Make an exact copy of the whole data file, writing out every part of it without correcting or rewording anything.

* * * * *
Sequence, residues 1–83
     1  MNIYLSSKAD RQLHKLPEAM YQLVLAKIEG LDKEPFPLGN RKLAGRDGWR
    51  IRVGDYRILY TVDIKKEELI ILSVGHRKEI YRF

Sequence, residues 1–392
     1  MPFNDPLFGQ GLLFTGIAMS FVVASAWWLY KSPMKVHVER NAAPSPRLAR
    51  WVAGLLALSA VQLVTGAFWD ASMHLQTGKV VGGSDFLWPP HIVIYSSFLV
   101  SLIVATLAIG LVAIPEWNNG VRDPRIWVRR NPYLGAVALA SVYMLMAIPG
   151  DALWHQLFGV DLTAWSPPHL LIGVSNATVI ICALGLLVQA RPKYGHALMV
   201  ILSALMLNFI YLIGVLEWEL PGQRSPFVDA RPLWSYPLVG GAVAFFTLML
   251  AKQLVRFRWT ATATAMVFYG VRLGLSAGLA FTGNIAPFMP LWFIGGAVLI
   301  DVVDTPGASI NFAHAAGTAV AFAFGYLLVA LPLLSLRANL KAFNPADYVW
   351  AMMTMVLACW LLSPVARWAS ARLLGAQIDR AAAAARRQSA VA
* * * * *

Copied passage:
Sequence, residues 1–83
     1  MNIYLSSKAD RQLHKLPEAM YQLVLAKIEG LDKEPFPLGN RKLAGRDGWR
    51  IRVGDYRILY TVDIKKEELI ILSVGHRKEI YRF

Sequence, residues 1–392
     1  MPFNDPLFGQ GLLFTGIAMS FVVASAWWLY KSPMKVHVER NAAPSPRLAR
    51  WVAGLLALSA VQLVTGAFWD ASMHLQTGKV VGGSDFLWPP HIVIYSSFLV
   101  SLIVATLAIG LVAIPEWNNG VRDPRIWVRR NPYLGAVALA SVYMLMAIPG
   151  DALWHQLFGV DLTAWSPPHL LIGVSNATVI ICALGLLVQA RPKYGHALMV
   201  ILSALMLNFI YLIGVLEWEL PGQRSPFVDA RPLWSYPLVG GAVAFFTLML
   251  AKQLVRFRWT ATATAMVFYG VRLGLSAGLA FTGNIAPFMP LWFIGGAVLI
   301  DVVDTPGASI NFAHAAGTAV AFAFGYLLVA LPLLSLRANL KAFNPADYVW
   351  AMMTMVLACW LLSPVARWAS ARLLGAQIDR AAAAARRQSA VA